One in three car firms are cutting jobs and one in eight have divested from their UK businesses in a sign that Brexit is already causing damage to the sector.
A survey by the Society of Motor Manufacturers and Traders (SMMT) shows that almost 14% of companies in the industry, including manufacturers, components and services companies, have already relocated amid the continuing uncertainty over the UK’s departure from the EU.
The industry has been one of the most vocal regarding a no-deal Brexit, firing its first warning shots three years ago when Nissan sought reassurances from Theresa May. The survey comes just days after Nissan issued a fresh warning that its business model was “unsustainable” in the event of the UK crashing out without a deal.
Mike Hawes, the chief executive of SMMT, said: “As the Brexit clock ticks ever closer to midnight, this survey reveals the bleak future that awaits this vital sector in the event of no deal.
“Damage has already been done: investment is haemorrhaging, competitiveness being undermined, UK jobs cut and vast sums wasted on the impossibility of preparing for no deal. Make no mistake, every day no deal remains a possibility is another day of lost investment, another day that makes it harder to recover investor confidence in the UK.”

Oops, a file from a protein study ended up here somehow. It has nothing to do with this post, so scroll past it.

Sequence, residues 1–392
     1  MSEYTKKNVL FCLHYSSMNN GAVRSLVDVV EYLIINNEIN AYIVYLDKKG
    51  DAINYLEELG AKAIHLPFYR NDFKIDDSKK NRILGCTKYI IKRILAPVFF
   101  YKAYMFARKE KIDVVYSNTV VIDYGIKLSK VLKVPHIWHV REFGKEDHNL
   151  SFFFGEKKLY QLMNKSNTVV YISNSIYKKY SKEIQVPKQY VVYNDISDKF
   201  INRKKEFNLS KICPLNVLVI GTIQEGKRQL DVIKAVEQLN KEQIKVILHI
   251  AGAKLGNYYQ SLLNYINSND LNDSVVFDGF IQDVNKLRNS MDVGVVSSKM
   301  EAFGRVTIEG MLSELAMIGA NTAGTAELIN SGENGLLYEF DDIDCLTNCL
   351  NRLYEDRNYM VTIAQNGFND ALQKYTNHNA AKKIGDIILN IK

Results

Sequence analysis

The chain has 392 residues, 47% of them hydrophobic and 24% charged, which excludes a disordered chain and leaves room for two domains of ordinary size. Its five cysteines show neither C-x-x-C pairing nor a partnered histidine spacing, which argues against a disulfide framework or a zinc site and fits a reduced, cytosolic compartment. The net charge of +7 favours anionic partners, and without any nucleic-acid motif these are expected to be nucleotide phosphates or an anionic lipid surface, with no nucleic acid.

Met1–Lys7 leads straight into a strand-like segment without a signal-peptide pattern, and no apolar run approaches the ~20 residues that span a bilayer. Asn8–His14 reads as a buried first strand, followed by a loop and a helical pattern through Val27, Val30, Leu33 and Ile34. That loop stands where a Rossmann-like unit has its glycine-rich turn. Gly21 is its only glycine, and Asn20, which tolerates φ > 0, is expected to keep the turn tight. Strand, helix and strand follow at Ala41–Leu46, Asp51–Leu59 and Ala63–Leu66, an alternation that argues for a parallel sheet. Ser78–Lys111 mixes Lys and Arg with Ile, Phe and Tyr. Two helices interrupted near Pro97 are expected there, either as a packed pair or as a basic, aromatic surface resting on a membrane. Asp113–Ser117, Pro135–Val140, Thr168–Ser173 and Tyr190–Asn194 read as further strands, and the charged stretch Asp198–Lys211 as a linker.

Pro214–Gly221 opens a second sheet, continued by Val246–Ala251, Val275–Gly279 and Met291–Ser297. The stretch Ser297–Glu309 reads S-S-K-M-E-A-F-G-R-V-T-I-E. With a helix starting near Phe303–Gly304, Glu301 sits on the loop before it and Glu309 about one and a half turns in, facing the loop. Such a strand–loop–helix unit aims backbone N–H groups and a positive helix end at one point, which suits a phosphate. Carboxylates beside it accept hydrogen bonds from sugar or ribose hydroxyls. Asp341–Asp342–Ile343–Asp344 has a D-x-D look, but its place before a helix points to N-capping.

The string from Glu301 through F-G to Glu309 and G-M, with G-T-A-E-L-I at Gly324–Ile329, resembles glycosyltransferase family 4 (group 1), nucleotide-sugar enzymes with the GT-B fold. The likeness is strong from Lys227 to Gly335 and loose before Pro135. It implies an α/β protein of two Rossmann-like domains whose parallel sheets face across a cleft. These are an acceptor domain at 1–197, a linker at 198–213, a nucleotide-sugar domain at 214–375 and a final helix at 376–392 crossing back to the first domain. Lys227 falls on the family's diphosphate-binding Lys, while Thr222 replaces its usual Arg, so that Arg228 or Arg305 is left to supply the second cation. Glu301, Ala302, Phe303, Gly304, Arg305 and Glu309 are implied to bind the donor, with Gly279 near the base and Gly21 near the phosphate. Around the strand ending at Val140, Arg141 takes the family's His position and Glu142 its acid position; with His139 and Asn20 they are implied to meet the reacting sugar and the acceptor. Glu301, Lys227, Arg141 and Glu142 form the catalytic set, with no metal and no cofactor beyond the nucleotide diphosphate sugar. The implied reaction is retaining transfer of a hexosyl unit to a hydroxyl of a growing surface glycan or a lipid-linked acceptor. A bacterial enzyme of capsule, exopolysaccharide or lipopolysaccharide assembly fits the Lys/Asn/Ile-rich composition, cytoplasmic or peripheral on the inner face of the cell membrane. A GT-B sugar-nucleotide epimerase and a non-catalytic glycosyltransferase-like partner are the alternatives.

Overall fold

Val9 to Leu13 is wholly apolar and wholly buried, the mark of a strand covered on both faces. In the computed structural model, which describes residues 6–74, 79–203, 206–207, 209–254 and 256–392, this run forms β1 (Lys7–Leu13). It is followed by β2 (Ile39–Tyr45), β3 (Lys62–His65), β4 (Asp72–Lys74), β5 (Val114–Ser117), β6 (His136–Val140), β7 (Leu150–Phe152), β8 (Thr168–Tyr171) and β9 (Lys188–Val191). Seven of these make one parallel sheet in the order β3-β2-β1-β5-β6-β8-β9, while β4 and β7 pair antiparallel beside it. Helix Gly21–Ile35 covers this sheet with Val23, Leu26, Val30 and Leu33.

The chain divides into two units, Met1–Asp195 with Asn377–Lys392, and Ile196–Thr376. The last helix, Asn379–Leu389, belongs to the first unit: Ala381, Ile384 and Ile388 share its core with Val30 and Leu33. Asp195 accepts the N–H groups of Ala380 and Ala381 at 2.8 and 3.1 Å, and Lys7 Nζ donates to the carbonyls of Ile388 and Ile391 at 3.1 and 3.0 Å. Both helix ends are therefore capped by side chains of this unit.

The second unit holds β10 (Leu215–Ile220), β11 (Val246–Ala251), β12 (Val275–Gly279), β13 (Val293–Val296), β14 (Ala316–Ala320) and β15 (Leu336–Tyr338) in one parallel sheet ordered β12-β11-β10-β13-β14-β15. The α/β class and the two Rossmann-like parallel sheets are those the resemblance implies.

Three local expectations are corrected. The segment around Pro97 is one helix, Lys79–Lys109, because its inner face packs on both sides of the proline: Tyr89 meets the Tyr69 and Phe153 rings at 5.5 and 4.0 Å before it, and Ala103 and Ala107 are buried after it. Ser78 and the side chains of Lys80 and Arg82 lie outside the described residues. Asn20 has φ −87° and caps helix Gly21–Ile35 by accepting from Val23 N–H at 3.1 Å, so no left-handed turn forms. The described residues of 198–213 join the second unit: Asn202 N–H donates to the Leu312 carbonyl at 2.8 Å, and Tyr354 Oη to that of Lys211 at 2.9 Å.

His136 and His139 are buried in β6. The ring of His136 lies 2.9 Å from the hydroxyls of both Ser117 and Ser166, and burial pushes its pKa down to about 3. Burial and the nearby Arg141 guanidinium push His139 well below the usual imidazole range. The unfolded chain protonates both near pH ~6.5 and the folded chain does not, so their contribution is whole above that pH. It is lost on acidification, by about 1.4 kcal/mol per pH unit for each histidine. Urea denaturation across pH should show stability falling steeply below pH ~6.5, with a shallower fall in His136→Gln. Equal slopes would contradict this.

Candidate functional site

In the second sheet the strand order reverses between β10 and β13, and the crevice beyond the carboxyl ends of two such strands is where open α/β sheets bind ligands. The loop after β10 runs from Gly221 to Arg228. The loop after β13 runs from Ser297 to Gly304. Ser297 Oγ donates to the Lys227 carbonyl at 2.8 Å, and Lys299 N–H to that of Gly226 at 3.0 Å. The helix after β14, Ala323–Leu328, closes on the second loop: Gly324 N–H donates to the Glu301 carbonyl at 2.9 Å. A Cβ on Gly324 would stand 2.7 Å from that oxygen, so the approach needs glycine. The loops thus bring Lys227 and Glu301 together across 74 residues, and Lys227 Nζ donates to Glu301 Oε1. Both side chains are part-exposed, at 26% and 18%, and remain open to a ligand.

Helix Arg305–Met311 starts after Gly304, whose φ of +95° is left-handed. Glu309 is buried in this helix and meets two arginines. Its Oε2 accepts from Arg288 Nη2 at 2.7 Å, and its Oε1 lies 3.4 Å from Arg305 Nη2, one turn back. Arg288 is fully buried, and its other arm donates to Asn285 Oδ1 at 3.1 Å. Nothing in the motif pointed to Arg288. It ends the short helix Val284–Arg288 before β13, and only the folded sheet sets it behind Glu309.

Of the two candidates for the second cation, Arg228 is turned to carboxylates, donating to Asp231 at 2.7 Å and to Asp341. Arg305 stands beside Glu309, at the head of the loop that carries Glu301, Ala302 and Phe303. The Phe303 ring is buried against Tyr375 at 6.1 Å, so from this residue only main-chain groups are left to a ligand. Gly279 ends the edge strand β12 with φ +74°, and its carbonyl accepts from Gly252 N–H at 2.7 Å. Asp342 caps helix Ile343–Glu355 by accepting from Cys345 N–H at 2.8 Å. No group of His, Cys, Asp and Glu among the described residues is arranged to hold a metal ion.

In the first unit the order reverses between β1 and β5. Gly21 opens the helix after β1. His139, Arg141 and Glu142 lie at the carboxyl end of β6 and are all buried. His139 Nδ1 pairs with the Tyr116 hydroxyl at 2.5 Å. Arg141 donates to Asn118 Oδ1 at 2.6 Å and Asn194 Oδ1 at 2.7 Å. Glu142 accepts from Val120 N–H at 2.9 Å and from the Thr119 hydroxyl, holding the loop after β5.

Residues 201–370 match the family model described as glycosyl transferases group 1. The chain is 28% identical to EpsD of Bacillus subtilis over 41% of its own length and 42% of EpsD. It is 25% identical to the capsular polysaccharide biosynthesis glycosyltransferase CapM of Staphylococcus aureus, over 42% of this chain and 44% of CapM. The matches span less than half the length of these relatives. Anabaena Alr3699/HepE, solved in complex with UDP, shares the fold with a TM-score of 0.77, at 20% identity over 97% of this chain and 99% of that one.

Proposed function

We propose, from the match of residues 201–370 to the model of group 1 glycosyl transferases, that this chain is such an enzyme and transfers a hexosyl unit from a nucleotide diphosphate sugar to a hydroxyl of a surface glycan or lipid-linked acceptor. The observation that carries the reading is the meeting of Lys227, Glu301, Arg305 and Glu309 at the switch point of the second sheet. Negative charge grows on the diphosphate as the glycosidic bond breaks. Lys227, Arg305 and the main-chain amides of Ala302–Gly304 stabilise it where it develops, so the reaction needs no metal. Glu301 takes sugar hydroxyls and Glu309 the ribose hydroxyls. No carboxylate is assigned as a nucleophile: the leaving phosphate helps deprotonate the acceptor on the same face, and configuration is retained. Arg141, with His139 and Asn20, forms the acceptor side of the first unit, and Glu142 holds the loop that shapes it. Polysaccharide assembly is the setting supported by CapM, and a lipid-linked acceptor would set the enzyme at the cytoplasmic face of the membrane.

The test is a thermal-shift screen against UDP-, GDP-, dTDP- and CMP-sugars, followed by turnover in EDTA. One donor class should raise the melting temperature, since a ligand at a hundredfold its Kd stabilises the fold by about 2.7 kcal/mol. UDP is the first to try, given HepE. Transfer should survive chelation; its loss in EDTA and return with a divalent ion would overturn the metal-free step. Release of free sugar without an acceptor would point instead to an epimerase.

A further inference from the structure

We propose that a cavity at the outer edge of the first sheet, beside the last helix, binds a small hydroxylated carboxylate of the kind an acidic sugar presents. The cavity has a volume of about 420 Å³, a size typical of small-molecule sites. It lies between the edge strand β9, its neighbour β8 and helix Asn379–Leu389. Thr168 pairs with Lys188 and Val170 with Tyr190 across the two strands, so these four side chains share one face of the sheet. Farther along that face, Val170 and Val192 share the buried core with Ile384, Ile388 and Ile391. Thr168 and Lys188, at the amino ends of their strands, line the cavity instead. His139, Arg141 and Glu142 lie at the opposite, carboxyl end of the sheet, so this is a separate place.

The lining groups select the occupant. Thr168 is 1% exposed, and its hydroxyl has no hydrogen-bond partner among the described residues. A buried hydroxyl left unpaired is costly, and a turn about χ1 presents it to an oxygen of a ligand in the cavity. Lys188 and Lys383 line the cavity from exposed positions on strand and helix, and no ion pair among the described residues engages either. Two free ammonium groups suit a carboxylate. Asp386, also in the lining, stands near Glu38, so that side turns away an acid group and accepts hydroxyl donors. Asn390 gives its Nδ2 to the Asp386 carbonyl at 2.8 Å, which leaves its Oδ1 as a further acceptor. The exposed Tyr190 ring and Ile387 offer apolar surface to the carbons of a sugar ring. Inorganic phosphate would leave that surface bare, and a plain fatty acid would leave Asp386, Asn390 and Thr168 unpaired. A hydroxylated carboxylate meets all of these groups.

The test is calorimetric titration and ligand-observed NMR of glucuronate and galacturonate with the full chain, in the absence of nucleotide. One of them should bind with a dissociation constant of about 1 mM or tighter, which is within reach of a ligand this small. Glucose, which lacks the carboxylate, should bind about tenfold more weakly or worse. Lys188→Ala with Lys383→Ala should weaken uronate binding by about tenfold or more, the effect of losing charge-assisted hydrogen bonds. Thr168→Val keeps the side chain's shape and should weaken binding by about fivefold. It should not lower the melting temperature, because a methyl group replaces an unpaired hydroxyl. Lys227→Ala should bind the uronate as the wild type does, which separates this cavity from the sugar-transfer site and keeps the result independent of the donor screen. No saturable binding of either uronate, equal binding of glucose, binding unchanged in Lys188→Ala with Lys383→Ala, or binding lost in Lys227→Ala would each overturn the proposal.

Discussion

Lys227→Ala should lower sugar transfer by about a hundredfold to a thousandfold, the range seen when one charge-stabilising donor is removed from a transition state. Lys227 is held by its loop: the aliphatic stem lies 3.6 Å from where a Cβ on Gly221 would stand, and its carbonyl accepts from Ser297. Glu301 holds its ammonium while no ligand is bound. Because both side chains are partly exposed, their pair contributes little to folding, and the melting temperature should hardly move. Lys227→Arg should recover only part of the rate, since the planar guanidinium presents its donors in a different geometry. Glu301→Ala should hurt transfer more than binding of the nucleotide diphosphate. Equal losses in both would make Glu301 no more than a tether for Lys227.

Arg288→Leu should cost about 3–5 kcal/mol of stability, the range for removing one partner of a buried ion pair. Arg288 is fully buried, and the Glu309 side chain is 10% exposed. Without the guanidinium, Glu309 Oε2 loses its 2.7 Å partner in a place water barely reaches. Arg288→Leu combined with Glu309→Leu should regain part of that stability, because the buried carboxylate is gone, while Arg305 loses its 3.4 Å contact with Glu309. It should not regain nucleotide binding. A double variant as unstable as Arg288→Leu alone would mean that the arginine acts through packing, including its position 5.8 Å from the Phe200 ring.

Nissan’s European chairman, Gianluca de Ficchy, said a 10% tariff on exports to the EU under World Trade Organization terms would put the “entire business model for Nissan Europe in jeopardy”.
It is the strongest warning yet from the Japanese car manufacturer, which employs 7,000 people at its Sunderland plant.
Hawes said it was not too late to repair the damage caused by three years of uncertainty.
The government must strike a deal with the EU that includes a transition period to enable a return to “business as usual”, and a long-term trading agreement that ensures “free and frictionless trade”, he said.
“UK jobs, innovation, trading strength and economic growth all depend on the automotive sector, so we urge all parties to get a good deal done before it is too late,” he said.
The SMMT survey shows that more than £500m has been spent on measures that will not deliver returns, rather than being invested in research and development, and that 80% say they believe leaving the EU without a deal will have negative consequences.
The industry is increasingly exasperated by government claims that the car sector is ready for no deal.
Last month, Jaguar Land Roverm (JLR), which employs more than 40,000 in the UK, announced it would halt production at British factories for a week in November, joining BMW and Toyota in staging a shutdown to mitigate potential disruption from a no-deal Brexit. Speaking a day after Michael Gove said the automotive industry was ready for no deal, the JLR chief executive, Ralf Speth, said the company had no choice but to stop production lines at four facilities.
The concerns centre on disruption to the “just-in-time” flow of car parts underpinning an industry that employs more than 800,000 people in the UK.